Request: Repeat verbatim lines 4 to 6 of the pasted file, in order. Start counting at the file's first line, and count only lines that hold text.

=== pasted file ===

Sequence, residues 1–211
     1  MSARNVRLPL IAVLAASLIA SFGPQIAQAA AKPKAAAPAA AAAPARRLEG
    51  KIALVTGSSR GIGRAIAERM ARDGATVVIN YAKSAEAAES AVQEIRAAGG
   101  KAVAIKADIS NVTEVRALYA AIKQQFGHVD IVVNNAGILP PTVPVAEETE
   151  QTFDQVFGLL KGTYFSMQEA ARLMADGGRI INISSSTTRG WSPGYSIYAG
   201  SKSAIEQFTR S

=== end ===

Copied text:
   101  KAVAIKADIS NVTEVRALYA AIKQQFGHVD IVVNNAGILP PTVPVAEETE
   151  QTFDQVFGLL KGTYFSMQEA ARLMADGGRI INISSSTTRG WSPGYSIYAG
   201  SKSAIEQFTR S